Link to Article: https://www.sandiegomagazine.com/features/visiting-san-miguel-de-allende/article_f43fd264-fe20-11ec-95a6-17985f977117.html
The Mexican city continues to evolve with contemporary destinations that pay homage to its colonial past
Now a UNESCO World Heritage Site, the bewitching architecture of San Miguel de Allende continues to evolve nearly 500 years after its establishment. As a result, the list of places to stay that speak to the city’s colonial past, updated with a contemporary spin, seemingly never ends.
To first get a sense of that rich (and yes, imperialist) past, start with one of the most photogenic churches in Mexico. Most people don’t know the neo-Gothic Parroquia de San Miguel Arcángel, and even fewer know it was built by Don Zeferino Gutiérrez, a self-taught architect. Taking inspiration from postcards of European cathedrals, he designed this one at the heart of the city near the luscious Jardín.
Amatte is a new wellness-focused hotel that was built around an existing property by Japanese architect Shinji Miyazaki. In January, it opened its doors to those seeking a place to relax using all five senses. El Gran Mueble open-air pool area is one of the most attractive features of the three-story hotel, which deftly incorporates the original design with flashes of Japanese wabi-sabi. In addition, the rooftop has bars with stellar views, an omakase experience, and even a sound room for music.
Repurposed just two years ago, the original Casa Hoyos is another historical site that dates back to the Mexican Revolution and is now a stunning boutique hotel. It started as a money exchange founded by Julián Hoyos that later became a “bean bank” that sold grains. Now, the fourth generation of the Hoyos family has reinterpreted the building as contemporary lodging with Andalusian balconies, but kept the original counter used in Julián’s bean bank.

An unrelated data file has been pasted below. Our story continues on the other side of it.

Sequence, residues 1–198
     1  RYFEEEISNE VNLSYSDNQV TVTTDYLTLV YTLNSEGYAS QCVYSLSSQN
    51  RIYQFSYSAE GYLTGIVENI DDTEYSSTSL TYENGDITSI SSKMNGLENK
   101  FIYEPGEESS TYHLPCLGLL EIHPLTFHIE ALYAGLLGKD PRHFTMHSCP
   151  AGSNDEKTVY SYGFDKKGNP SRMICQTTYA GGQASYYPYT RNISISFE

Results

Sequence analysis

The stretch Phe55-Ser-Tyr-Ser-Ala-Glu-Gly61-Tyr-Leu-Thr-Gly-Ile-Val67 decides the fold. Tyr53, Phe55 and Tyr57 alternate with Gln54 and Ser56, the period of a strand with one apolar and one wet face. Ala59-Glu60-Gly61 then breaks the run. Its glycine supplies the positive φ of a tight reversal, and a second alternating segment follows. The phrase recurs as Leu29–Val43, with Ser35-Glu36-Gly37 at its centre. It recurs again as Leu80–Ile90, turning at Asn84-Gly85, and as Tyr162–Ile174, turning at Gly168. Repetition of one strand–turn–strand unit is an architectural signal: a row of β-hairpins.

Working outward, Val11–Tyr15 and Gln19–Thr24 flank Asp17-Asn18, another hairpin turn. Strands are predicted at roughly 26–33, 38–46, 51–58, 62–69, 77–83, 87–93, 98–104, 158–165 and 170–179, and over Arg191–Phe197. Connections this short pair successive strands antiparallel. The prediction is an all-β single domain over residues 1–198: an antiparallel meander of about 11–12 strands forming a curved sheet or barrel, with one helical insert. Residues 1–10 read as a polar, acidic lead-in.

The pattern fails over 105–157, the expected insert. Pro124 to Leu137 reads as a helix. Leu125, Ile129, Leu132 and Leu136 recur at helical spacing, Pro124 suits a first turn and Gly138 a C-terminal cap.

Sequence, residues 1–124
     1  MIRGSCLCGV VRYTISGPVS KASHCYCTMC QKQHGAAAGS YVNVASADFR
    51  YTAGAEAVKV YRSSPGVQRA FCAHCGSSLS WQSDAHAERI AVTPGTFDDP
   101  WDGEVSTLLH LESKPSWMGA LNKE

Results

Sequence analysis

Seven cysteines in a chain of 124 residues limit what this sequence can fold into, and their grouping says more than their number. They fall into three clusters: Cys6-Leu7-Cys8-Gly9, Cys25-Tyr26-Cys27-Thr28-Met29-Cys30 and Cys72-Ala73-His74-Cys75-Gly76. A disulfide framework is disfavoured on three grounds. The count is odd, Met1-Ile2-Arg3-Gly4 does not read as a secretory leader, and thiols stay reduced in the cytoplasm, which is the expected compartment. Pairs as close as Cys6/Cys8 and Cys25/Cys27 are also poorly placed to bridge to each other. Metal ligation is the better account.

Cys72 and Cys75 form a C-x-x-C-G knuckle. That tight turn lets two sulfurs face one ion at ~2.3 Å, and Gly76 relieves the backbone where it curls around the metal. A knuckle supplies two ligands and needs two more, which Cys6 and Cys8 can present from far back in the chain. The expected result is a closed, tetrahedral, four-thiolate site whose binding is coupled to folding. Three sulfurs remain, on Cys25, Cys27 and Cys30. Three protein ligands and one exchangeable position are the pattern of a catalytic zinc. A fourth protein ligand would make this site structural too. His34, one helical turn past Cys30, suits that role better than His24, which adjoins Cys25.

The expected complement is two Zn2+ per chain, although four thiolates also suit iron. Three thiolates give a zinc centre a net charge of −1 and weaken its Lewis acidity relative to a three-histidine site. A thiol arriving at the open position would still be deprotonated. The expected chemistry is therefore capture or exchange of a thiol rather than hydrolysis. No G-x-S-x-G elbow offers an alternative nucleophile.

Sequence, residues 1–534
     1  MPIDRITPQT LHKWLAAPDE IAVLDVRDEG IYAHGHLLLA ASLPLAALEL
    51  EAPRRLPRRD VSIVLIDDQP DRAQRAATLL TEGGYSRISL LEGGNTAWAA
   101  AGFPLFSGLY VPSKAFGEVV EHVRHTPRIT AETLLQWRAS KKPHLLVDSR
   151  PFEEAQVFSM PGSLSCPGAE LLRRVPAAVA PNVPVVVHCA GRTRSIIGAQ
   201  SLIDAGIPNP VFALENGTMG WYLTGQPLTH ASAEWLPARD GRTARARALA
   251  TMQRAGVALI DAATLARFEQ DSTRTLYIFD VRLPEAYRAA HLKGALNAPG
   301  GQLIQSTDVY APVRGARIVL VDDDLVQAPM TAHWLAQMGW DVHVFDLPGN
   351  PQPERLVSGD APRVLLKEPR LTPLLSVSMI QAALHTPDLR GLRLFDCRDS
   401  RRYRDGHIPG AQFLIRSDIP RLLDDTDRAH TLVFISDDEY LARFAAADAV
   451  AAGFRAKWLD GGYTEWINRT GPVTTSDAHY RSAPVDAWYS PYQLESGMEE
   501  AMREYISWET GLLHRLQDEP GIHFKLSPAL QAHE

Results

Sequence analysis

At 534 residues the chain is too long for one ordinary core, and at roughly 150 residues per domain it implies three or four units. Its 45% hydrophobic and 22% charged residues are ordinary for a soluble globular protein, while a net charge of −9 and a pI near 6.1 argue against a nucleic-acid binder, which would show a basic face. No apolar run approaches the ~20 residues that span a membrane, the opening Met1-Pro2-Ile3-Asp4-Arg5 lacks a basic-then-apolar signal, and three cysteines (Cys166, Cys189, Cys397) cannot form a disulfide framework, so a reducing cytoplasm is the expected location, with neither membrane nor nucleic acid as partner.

Another hotel gem is Casa de Sierra Nevada. With its walkways bordered by lavender bushes, the property is an enchanting hideaway in an already fairy-tale city. The vintage casas and mini-mansions of the complex exude a colonial-baroque charm. Each one houses a modern cultural treasure; there’s a Mexican cooking school called Sazón in one, and an artist’s corner in another where guests can make mojigangas, life-size papier-mâché puppets emblematic of San Miguel.
The Forbes five-star Rosewood is also a must, if only for the panoramic views from its Luna Rooftop Bar, but also for its new summer experiences. A visit to the property’s sustainable farm, Via Orgánica, for Mexican lunch and pulque tasting is available for food lovers, and a bougainvillea workshop in the garden will teach guests how to make skin care products with the fuschia-colored flowers found all over San Miguel.
For a further sense of the city’s embrace of the past, a visit to Fábrica la Aurora is a must for art lovers. The former textile mill has been refurbished into a multi-use space with galleries and an antique shop. Likewise, the frescoes at another UNESCO World Heritage Site, Santuario de Jesús Nazareno de Atotonilco, are worth a short detour outside of town: They were painted 300 years ago by an Indigenous artist, and the church recently restored them.